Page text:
>> Wednesday, July 21, 2010
As I have the majority of the JD Robb "In Death" books on my e-reader (and I'm a fan), I've been reading through the series recently, even though it's not a genre I read frequently. I love the characters, particularly all the characters, even Eve, though Eve least of all. I could explain why, but that's not what I'm here to talk about.
What I wanted to talk about was violence and morality. When reading Divided in Death (potential spoilers if you were wanting to read it but haven't), there's a conflict between Eve (the main protagonist, homicide detective) and Roarke (one of the most appealing - if improbable - characters ever written), where Roarke discovers that federal agents were listening in when Eve's father raped and beat her repeatedly, even listened in when she killed him in self defense (at the age of eight) and did nothing to help. Roarke would like to slow roast said agents over a slow fire. Eve is absolutely aghast that, though she knows he's killed in cold blood before, he would murder people again.
Now, there's a whole blog post about what is and isn't justifiable with regards to killing someone. And Eve definitely knows this because she's got nearly half a dozen under her own belt and they generally don't bother her much. I'll probably get to where I discuss that, too, but that's not what I want to talk about either.
What I want to discuss (because it's what I was thinking about as I was reading this particular installment) was if there really were "fates worse than death." Now don't get me wrong, I'm against murder (in general). I think death is heart-rending when someone with a full life ahead of them is cut short or when the death is needlessly painful, humiliating or lingering.
But death itself doesn't scare me much. I also don't feel too terribly bad if people who do horrible things, who promote or ignore horrors done by others drop dead. I've never pretended to be anything other than pro-capital punishment not because I'm convinced that it will stop the next fellow, but I know for a fact it will stop the first one. Can't escape from or get paroled from death.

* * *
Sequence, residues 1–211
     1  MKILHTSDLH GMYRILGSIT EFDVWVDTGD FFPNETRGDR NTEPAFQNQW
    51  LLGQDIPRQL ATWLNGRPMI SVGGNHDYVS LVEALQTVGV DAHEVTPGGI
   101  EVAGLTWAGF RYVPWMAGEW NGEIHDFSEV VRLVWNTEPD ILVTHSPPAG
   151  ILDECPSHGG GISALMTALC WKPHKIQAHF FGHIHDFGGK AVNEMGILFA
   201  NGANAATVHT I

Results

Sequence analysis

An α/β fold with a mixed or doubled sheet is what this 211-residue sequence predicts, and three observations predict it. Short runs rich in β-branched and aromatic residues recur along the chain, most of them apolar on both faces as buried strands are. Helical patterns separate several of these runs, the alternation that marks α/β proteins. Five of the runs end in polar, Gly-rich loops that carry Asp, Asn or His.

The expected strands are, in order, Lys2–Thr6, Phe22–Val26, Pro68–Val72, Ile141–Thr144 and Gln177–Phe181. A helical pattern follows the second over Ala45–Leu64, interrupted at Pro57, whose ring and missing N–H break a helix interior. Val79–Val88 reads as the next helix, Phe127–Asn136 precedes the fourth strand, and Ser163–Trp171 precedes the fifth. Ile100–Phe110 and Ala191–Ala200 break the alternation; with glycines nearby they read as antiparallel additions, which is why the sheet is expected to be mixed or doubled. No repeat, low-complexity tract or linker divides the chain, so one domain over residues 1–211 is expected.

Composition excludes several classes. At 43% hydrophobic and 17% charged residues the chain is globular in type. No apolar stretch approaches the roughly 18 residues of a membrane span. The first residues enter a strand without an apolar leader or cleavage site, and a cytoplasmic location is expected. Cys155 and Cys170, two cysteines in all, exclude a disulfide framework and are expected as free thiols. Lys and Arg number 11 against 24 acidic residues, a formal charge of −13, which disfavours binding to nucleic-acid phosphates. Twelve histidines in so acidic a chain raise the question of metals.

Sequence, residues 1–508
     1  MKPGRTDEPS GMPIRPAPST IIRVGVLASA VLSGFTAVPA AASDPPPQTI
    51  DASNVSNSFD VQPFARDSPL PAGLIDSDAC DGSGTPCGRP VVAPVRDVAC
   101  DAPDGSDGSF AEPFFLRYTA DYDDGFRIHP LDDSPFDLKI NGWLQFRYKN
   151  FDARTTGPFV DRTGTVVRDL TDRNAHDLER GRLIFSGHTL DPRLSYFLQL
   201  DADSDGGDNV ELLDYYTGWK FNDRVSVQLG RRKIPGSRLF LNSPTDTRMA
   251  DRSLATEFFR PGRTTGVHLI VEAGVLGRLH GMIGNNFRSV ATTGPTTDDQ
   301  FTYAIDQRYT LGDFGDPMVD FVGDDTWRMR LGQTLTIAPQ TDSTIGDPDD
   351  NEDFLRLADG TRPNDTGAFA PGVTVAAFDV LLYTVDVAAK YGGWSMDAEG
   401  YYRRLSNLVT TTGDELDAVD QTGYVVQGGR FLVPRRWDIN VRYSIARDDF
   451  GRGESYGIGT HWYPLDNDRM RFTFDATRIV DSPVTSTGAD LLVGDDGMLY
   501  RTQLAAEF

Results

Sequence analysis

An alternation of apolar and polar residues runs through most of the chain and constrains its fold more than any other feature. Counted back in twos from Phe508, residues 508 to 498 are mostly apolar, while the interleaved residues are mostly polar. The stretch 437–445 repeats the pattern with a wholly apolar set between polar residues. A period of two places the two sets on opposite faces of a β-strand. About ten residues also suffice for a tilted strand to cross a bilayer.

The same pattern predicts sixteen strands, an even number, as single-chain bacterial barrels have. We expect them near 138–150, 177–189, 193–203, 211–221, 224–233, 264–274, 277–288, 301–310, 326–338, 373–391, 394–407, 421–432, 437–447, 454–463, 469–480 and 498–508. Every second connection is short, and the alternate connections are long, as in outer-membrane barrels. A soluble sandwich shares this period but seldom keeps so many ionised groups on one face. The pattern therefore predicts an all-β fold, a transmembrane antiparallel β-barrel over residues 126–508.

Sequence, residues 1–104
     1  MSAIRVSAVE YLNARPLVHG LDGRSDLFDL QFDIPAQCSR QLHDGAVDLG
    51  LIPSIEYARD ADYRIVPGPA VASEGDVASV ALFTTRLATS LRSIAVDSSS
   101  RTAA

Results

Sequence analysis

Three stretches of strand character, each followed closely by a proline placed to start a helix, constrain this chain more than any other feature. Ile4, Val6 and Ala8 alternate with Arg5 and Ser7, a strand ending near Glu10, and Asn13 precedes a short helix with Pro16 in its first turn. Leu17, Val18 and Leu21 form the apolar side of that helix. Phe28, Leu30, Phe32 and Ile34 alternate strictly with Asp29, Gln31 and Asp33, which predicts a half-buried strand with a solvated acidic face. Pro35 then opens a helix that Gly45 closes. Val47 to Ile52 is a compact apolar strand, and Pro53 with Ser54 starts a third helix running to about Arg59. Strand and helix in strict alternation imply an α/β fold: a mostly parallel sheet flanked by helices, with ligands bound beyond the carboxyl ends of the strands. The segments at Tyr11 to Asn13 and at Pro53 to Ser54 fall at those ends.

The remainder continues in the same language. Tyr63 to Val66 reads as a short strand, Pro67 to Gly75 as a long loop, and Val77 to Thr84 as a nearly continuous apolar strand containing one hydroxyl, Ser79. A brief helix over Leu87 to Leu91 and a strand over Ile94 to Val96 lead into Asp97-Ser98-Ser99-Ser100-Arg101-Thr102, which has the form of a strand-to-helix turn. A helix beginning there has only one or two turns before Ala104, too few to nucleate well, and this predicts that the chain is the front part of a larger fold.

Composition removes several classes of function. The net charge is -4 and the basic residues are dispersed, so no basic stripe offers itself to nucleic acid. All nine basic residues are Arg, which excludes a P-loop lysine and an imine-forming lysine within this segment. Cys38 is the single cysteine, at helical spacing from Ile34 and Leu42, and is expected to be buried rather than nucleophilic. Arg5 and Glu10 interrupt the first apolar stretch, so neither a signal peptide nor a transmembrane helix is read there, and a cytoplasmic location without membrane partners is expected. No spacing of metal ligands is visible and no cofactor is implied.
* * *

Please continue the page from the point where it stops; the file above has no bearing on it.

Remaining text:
I'm not a proponent for torture or painful deaths (though I can appreciate where those would be justice) mostly because that kind of thing can readily be taken too far. I'm satisfied that someone who has done something truly heinous won't be doing it again.
What does this have to do with fiction?
Well, because my attitude is part and parcel of my fiction. I write a great deal of fantasy/science fiction and I won't lie. It's violent. Many people are killed outright, yes, by my protagonists, and it doesn't bother me in the slightest, even though there are lines my characters won't cross. They tend to be pragmatic about death and, though part of the reason has to do with the environments I make for them, part of it is a direct reflection of my own pragmatism. In many ways, I have a very Eastern view of death.
But, for good guys to wander about fantasyland with a trail of corpses, I have to believe there are crimes that are more heinous than killing someone outright, or I'd have nothing but victims and bad guys. I do and it's reflected in my novels.
Rape, for instance. I've mentioned before that, while I can think of half a dozen perfectly legitimate reasons for killing someone (and a few that aren't as legitimate but frequently used), I can't think of a single excuse for rape. Nor, if given a choice, would I choose rape over death (bearing in mind that death doesn't scare me). I figure, if he'd kill me before, chances are he was going to kill me anyway - might as well save myself an unpleasant experience.
Causing pain for enjoyment or expedience or callousness, also, in my opinion, worse than killing someone outright. I'm not talking about sending your kid to bed without dinner, but there are many torments out there, physical and mental, where killing would be far more humane.
People who traffic in people also get the "worse than murderers" badge pinned. Slavers, like rapists, largely don't live to the end of the book and that's a conscious choice on my part.
And, admittedly, it makes a difference to me why someone kills another and how. You kill people by burning them at the stake or bottoms up impalement - no way to make you the good guy. You kill innocent people either because of "what" they are (rather than what they've done) or because you can, especially children, I'm going to think you're scum. Which just goes to show I'll have to talk about what I consider "justifiable" another time.
But, the reason I write that way is because I truly believe some fates are worse than death, that someone could kill another human being and be a good person but that are some things people couldn't do and retain their humanity. Do you write characters with the same viewpoint you have? Or does it change with the circumstances or the venue? What are your thoughts on violence and how are they reflected in what you write?